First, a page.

Wuthering Heights: Chapter 6 - Summary & Analysis

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      Hindley returns home for the funeral and brings with him a young delicate and excitable wife. He had married Frances secretly. Hindley takes over the household and first banishes Joseph and Nelly to the servant's quarters in the back-kitchen. Frances too takes a dislike to Heathcliff and Heathcliff is also banished to the servant's quarters. Heathcliff is no longer allowed to take lessons from the curate and he is reduced to the level of a servant and forced to work as a farm-hand.

      As Hindley and Frances care little how the young people behave, Cathy and Heathcliff appear to be growing up as uncouth savages. Careless of punishment, they often remain on the moors all day.

      One Sunday evening when Catherine and Heathcliff have been sent from the sitting room, they disappear from the house. Late in the night. Heathcliff returns alone to tell the worried Nelly what has happened. The two had escaped and gone to Thrushcross Grange where the Lintons lived. Peeping through the window into a beautifully furnished room, they find Edgar and Isabella quarreling over a little dog. Heathcliff and Cathy laugh scornfully at this silliness and are thus discovered. The Linton's bulldog is set on them. Catherine is seized by the ankle and after this both she and Heathcliff are taken into the house, the latter swearing loudly. When Catherine is recognized, the Lintons are horrified and try put matters right by bathing her ankle and making a fuss of her. Heathcliff however, is ordered out of the house because of his foul language. Peeping through the window again, Heathcliff sees that Cathy is happy and comfortable and so comes back to Wuthering Heights and explains all this to Nelly.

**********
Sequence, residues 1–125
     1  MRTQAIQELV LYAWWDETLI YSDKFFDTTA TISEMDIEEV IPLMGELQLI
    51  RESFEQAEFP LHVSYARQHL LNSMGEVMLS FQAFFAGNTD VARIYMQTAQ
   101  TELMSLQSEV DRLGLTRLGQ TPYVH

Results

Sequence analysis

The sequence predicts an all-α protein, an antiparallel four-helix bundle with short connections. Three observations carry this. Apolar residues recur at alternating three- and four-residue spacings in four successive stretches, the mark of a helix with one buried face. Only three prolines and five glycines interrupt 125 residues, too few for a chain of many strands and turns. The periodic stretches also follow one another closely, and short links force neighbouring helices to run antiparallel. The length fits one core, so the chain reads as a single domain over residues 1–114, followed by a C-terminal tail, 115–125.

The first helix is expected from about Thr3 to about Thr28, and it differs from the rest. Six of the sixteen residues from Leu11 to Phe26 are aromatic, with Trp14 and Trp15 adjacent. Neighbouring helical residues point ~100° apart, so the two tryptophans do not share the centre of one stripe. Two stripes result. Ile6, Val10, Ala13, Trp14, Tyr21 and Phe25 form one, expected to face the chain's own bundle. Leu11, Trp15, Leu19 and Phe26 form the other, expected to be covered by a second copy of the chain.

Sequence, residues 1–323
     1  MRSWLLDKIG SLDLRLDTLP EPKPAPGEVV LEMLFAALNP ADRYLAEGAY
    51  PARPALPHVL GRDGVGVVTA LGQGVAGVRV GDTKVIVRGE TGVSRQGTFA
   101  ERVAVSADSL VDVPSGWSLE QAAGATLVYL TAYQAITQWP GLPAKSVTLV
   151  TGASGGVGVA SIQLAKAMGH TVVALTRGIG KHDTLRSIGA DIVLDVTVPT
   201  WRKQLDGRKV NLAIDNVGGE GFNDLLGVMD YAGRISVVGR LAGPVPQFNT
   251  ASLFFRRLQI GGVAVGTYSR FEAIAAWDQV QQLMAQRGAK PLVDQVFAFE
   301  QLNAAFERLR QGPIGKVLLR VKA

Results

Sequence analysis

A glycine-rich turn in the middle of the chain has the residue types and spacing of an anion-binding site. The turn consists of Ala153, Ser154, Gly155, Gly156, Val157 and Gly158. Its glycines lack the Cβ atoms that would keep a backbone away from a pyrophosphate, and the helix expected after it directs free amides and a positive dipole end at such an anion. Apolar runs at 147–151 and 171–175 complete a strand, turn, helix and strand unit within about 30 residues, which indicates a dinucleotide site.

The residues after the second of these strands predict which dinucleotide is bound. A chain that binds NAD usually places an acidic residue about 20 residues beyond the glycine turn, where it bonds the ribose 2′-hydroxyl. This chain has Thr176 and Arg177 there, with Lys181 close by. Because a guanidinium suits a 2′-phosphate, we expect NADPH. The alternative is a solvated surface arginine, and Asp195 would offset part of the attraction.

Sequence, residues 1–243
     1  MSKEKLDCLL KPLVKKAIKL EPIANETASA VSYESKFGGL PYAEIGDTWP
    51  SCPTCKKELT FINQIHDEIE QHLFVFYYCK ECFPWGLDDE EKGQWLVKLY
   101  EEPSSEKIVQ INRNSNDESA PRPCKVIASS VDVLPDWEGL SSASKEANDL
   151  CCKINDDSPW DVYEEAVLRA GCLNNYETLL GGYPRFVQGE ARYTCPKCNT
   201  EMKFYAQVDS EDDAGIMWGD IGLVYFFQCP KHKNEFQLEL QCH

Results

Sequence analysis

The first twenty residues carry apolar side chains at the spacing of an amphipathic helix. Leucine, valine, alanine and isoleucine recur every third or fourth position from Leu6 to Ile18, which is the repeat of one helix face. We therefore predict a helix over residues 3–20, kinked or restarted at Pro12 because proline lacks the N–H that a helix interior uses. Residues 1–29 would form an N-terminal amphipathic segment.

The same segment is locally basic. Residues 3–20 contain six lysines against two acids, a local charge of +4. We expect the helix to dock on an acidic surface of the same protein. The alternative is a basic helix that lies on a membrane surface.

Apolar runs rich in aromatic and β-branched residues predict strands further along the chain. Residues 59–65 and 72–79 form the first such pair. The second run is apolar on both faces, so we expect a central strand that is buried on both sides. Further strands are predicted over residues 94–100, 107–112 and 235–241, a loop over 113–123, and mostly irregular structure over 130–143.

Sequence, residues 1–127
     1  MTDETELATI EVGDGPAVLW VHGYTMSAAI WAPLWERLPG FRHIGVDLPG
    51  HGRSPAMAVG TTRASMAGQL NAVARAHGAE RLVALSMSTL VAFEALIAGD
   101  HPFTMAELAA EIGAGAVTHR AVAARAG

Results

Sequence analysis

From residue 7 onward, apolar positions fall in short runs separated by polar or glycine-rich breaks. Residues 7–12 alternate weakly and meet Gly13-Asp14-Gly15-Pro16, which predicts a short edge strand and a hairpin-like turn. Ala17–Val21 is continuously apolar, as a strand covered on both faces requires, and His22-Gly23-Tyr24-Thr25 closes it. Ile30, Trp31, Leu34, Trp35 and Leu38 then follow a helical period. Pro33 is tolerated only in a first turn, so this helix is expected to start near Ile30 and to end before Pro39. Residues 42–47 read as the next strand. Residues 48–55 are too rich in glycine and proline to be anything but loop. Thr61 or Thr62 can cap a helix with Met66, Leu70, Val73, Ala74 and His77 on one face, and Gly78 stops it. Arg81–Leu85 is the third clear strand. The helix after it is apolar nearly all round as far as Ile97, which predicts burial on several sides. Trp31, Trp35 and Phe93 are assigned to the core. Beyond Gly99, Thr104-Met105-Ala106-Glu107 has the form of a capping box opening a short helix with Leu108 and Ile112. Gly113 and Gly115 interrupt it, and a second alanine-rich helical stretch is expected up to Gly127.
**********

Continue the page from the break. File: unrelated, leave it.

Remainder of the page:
The next day Mr. Linton calls on Hindley and tells him to be more responsible towards Cathy.

Critical Analysis

      We are introduced to the Linton family for the first time and it is not a very happy introduction. For all the beauty of the room, its inmates Isabella and Edgar are quarreling.

      A window again assumes importance — this time the window of Thrushcross Grange. Throughout the novel windows are separators; here the window initially separates Catherine and Heathcliff from the Lintons but by the end of the chapter it separates Catherine and Heathcliff from each other; they are never to be truly happy together again.

      The narrative perspective changes. Once again Heathcliff briefly takes over the story and we see the incident at Thrushcross Grange through his eyes whilst Nelly listens and interpolates the occasional comment.

      The reader, has had a preview of some of the events in this chapter through Catherine s diary in Chapter 3; there she had described both the misery of Sunday evenings and also the harsh treatment meted out to Heathcliff by Hindley.

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